Marc Marquez doesn't do things by halves and while doctors no doubt hoped the first accident since breaking his right-arm would be a gentle tip off, it was instead a 180km/h lowside that sent him hurtling across a gravel trap and into an airfence.

As Marquez lay on the ground with a broken RC213V next to him at the end of FP3 at Jerez, the same circuit where the eight-time world champion's original fractures occurred last July, it seemed a very real possibility he could be back to square one with an injury that has already required three operations.

Fortunately, although shaken, the Repsol Honda rider was eventually able to walk away and returned to the paddock on the back of a scooter before heading for the medical centre.

"We knew sooner or later the first crash would arrive, but I chose one of the worst points of the circuit," Marquez said.

"I didn’t expect it, but if you push for a lap you don’t think about the risk. Yesterday I was more conservative. Today I attacked. Unfortunately, when I attacked, I crashed.

"It was a big crash, especially the impact against the air fence was at high-speed, but thanks to the air fence I’m here."

While the right arm had not taken the brunt of the impact and scans at the medical centre didn't detect any other injuries, Marquez began to feel unwell after returning to his motorhome.

"I went to the medical centre, where they checked everything and I felt ok in that moment," Marquez explained. "Then I went to my motorhome but when I arrived in the truck, and I sit and I was there for ten minutes, I started to not know exactly where I was, to lose a little bit the head.

"Immediately I called the doctor, just to be more safe and he said okay we must check at the [local] hospital. When I arrived in the hospital, I already felt well again. But they checked everything, made a CT and these things. Also when I arrived here in the circuit they re-checked everything."

While his right arm was not a concern, Marquez said that he underwent an x-ray just to be sure.

"The checks [in hospital] were more for the head, the neck and the back. What I suffered in the impact," he explained.

"Today the arm was not injured, I didn’t feel any pain. But [MotoGP's] Dr Charte has all the information about my arm and when I went to the hospital he asked for another x-ray on the arm just to be sure.

"Also, I want to clarify that I’m here, I’m riding and I’m pushing because what the doctors said to me is in case of an impact there is the same possibility to break my left or right arm. So the bone [on my right arm] is completely fixed."

After accelerating out of the Turn 6 (Pedrosa) hairpin, Marquez fell when he lost the front of his Honda as he tipped into the Turn 7 left-hander. Team-mate Pol Espargaro then suffered an identical accident at the same place in the afternoon.

Espargaro, like many riders, felt that Turn 7 is one of several corners at the Jerez circuit now in urgent need of a bigger run-off area.

"The wall is too close for sure," Espargaro said. "OK, we have this air fence technology, but the bike is coming also. When you hit [the air fence] and stop – as Marc did – then the bike can arrive at the same speed as you [and hit you]."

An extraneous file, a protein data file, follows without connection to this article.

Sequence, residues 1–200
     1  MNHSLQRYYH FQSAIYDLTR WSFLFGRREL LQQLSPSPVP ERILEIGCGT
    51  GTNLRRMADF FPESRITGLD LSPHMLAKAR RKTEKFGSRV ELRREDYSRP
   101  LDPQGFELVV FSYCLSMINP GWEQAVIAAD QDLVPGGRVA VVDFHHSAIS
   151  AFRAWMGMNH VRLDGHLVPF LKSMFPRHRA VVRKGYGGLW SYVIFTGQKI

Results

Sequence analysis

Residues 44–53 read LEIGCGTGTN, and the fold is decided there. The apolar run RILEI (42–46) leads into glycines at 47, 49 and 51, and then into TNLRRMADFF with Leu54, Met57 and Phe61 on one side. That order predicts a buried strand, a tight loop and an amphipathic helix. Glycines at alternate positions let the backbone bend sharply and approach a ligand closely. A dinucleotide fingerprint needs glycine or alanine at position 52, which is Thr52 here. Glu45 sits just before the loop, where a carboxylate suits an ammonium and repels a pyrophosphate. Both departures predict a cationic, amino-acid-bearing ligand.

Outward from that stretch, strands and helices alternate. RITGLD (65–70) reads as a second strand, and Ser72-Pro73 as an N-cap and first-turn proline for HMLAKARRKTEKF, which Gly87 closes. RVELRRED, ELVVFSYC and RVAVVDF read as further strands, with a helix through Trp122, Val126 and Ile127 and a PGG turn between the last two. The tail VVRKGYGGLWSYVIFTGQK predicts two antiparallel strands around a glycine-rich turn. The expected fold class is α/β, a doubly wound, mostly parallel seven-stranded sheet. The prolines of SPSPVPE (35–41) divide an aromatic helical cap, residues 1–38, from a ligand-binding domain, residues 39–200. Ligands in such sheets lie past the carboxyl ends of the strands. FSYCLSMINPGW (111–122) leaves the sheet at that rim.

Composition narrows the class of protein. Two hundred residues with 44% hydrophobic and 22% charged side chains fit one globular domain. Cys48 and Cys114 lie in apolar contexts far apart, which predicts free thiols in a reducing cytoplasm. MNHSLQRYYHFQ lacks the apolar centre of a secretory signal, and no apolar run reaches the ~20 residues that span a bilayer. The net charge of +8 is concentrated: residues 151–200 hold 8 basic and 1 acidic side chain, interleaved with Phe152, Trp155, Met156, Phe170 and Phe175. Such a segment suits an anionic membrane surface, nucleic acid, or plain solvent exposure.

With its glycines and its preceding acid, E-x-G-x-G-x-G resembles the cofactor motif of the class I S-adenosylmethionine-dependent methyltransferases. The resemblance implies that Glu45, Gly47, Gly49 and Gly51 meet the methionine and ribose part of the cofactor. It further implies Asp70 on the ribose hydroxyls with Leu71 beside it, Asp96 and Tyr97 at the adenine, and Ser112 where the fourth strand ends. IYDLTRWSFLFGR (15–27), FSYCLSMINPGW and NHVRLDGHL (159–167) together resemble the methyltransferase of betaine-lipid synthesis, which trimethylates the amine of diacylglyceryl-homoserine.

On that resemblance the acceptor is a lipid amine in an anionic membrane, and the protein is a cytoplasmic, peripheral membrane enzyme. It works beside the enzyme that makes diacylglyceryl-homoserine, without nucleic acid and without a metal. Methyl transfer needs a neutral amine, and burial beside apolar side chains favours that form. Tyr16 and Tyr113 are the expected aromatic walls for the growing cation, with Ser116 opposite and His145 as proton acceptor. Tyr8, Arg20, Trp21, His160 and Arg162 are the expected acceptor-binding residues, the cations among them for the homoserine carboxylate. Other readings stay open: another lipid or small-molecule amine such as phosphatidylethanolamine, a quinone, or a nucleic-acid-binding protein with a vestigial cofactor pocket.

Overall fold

Soft tyre mistake

In an attempt to mitigate the risk of another fast front-end fall, Marquez switched to the soft tyre for the following sessions but it proved to be a mistake. He was unable to advance past Qualifying 1, leaving him 14th on the grid for the second race of his MotoGP comeback.

"In FP4 I rode in a good way, but the crash affected me in qualifying," he said.

"Because of the crash I chose the soft front tyre, thinking I’ll feel safer in the fast corners. But we did a mistake and I had moments in the afternoon because I was not stopping the bike, I was not turning.

"If you think now, you ask, 'why put the soft front tyre, you are always using the hard?'

"I chose the soft front tyre because I was thinking more about the crash of this morning than performance this afternoon.

"In qualifying, I immediately saw the limit was the front tyre, but when I stopped there was no time to change.

"It’s a shame because I feel strong this weekend and today was the first time I started to feel I was riding in a good way.

"Yesterday I didn’t ride in the limit so we couldn’t set up the bike well. Today was the first day I started to feel where the problems are. Now for tomorrow we’ll do some changes straight away.

"We’ll start adapting the set up to my style because we are using a completely different bike set up here compared to last year. Even a different chassis. Why, when last year I was fast here? The main reason is its less physical, this bike that I’m riding now. It’s what I need now to finish the race in a good way.

"But still I’m missing a lot, especially the way to turn the bike and play with the rear tyre. And then I force too much the front.

"So we need to understand the way to play with the rear tyre because it's one of my strong points to pick up the bike and slide – but now I am not able to do it. That’s there where we are working more."

LCR's Takaaki Nakagami, who has switched back to the 2020 chassis, qualified as the top Honda in fifth.

Marquez qualified sixth and finished seventh during his MotoGP comeback two weeks' ago in Portimao.